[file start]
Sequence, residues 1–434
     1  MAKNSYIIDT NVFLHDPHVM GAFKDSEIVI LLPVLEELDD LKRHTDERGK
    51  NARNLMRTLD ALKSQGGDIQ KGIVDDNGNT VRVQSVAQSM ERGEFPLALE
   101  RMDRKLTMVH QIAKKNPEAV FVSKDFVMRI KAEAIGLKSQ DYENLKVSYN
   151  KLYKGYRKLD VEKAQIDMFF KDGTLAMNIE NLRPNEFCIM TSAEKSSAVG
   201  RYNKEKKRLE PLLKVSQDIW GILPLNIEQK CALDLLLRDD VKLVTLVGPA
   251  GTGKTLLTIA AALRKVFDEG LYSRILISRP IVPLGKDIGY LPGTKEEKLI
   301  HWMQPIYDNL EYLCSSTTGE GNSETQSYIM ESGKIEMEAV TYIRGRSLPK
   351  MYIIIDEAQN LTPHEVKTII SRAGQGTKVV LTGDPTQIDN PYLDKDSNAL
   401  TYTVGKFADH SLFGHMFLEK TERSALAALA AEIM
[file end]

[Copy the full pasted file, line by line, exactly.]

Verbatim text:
Sequence, residues 1–434
     1  MAKNSYIIDT NVFLHDPHVM GAFKDSEIVI LLPVLEELDD LKRHTDERGK
    51  NARNLMRTLD ALKSQGGDIQ KGIVDDNGNT VRVQSVAQSM ERGEFPLALE
   101  RMDRKLTMVH QIAKKNPEAV FVSKDFVMRI KAEAIGLKSQ DYENLKVSYN
   151  KLYKGYRKLD VEKAQIDMFF KDGTLAMNIE NLRPNEFCIM TSAEKSSAVG
   201  RYNKEKKRLE PLLKVSQDIW GILPLNIEQK CALDLLLRDD VKLVTLVGPA
   251  GTGKTLLTIA AALRKVFDEG LYSRILISRP IVPLGKDIGY LPGTKEEKLI
   301  HWMQPIYDNL EYLCSSTTGE GNSETQSYIM ESGKIEMEAV TYIRGRSLPK
   351  MYIIIDEAQN LTPHEVKTII SRAGQGTKVV LTGDPTQIDN PYLDKDSNAL
   401  TYTVGKFADH SLFGHMFLEK TERSALAALA AEIM